Speeding hurts as all - and the impact is long-lasting
November 18, 2021
Most people believe that we, human beings, are some somehow a powerful, supernatural, highly sophisticated being and the best creature on Earth! And for some things we might be close to that perception, but for others such as our own safety and wellbeing, let’s say humans are wonderfully flawed and imperfect. We are simply unable to clearly see the risk of speed, in contrast to height, for example, and so we continuously risk our lives or put others in danger.
Having said the above, this doesn’t mean at all that there is nothing we can do to prevent these deaths and injuries- but completely the opposite. It is important to be aware of our deficiencies to use our superb intelligence, curiosity instinct and well-known creativity, to find the solutions needed to overcome our deficiencies. Luckily, many of our researchers and road safety experts have done this job, and so we already know what works and what doesn’t work.
But today, we want to take the chance to remember and pay our respects to all of those to whom this information and interventions arrived sadly too late, and thus they’ve lost their life or suffered from radical and painful changes after being a victim of a severe road traffic crash.
This is the story of Samuel and Lisa (which is based on a real-life story by the way).
Samuel and Lisa were a nice and hard-working couple, who had two wonderful kids, and who, with lot of efforts managed to own and run their own business- a nice little grocery shop, which they have been trying to grow with support from some investors. One day, like any other, Samuel went for a walk with Chels, their dog, while Lisa took their kids for their recreative activities. But that day, neither Samuel nor Chels came back home; they were hit by a car while crossing a local street intersection by a car which was driven “a bit” over the speed limit, “just” 50kph instead of 40kph as the speed-limit was showing. Chels died at the scene and Samuel ended up in the hospital seriously injured with multiple broken bones, including ribs, dislocated joints, a contusion, and a collapsed lung.
Later, more detailed medical examinations to assess the Abbreviated Injury Scale (AIS) confirmed that he had an 80% chance of dying at the scene of the crash, as Chels did. Samuel spent 40 days in total in hospitals and outpatient facilities and went through a lot of surgeries, many of which there was the uncertainty of him coming out alive.
And while the driver who hit Samuel did it unintentionally, while “just” rushing to his football match, and he was “just” going 10kph over the speed limit, this clearly shows that when it is not considered in advance our human fragility (as in our delicate complexion of flesh and bones), human deficiencies (such as our misperception of speed) and human errors (as a distraction or inadequate decision, such as “just” going 10kph over the speed limit), it can lead to long-lasting consequences!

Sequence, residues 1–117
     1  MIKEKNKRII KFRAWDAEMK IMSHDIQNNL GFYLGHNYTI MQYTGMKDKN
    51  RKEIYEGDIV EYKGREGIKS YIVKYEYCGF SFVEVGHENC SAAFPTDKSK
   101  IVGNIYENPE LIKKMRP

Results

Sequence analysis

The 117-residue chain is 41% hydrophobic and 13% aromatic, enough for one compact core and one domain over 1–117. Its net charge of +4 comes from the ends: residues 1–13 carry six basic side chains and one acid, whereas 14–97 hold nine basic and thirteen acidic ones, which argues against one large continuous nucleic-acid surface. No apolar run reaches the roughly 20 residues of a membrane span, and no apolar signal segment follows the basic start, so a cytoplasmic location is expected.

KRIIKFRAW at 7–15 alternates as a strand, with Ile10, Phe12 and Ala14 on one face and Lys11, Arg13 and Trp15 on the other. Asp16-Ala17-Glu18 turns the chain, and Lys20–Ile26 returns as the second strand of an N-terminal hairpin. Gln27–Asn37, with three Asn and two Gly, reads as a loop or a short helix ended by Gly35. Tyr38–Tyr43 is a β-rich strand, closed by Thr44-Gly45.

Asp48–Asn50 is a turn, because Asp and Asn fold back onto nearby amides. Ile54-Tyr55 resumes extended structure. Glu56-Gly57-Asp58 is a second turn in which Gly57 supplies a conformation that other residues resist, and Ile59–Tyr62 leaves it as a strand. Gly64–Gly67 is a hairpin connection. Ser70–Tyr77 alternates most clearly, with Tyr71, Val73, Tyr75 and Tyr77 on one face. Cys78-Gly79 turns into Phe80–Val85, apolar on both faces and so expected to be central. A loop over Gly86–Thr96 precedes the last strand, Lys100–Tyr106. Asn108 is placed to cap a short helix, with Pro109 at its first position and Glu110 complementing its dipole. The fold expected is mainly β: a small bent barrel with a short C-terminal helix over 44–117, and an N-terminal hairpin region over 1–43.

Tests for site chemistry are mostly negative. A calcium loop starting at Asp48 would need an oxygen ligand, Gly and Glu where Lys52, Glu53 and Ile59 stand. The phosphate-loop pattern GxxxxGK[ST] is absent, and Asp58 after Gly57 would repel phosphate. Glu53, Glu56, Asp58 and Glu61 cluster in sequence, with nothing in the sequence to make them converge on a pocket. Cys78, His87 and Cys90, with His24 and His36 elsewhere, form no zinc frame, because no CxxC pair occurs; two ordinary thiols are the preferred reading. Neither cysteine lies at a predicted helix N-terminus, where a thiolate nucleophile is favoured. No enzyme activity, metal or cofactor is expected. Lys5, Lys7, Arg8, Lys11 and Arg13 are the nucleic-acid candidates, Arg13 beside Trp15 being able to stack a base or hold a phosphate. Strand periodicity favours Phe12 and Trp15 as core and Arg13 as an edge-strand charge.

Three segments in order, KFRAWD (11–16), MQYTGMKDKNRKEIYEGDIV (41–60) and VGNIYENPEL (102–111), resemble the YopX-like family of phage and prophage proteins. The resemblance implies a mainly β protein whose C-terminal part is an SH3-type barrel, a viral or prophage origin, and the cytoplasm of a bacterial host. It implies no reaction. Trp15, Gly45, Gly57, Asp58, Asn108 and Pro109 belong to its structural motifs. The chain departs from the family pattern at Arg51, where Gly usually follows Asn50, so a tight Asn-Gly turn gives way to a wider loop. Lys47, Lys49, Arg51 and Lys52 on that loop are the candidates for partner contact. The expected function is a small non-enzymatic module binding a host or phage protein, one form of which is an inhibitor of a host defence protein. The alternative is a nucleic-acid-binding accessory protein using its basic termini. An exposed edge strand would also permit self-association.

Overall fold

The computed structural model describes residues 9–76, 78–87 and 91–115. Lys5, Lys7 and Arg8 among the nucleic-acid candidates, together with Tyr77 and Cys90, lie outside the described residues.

In Samuel and Lisa’s case, unfortunately, this didn’t stop there, the consequences went beyond the crash. And not that living with a permanent disability has to be more dramatic or worst, but it is fair to say that life, as he knew it, forever changed. The financial burden on another hand was so important that they lost their small business; and pain, suffering and anxiety was such after the crash that their marriage was put on the line.
Here is where Speed Management comes in. Because we need to accept that although we might be tended by the expectation of everyone respecting the traffic signs, the speed limits and expect people to “drive safely”, this will not happen and we cannot rely on individual actions and behaviors of humans, as remember, we are prone to commit errors. Thus, we should better ponder a Safe System approach, which considers as a key lifesaving element implementing a proper Speed Management which includes, among others, traffic calming infrastructure measures to prevent the catastrophic consequences of road traffic injuries.
Speed management involves a multisectorial coordinated effort to address inappropriate speeds from the design of the road and the limits established along the entire road network. But Speed management needs to be done properly for it to be successful and effective; and thus, be able to protect you, your family and friends from these situations where another road user could leave you with long-lasting consequences.
Today, we also what to take the opportunity to remind you all, that enabling and achieving a Safe System is everyone’s responsibility- from the authorities in charge of designing, building, and managing roads and vehicles, to those deciding on land use and urban development, to vehicle manufactures and importers, and of course on you, me, and everyone else, as road users ensuring a safe use of the infrastructure around us.
Let us also recap and always remember that for the Safe System approach to be effective, a safe speed needs to be kept (you might want to read more on low-speed zones), with support from the distinct tools and evidence-based measures that are part of a comprehensive speed management program, only then we can assure the protection of the citizens, the prevention of serious injuries and the promotion of healthy lifestyles.
Spread the word around this and lead by example!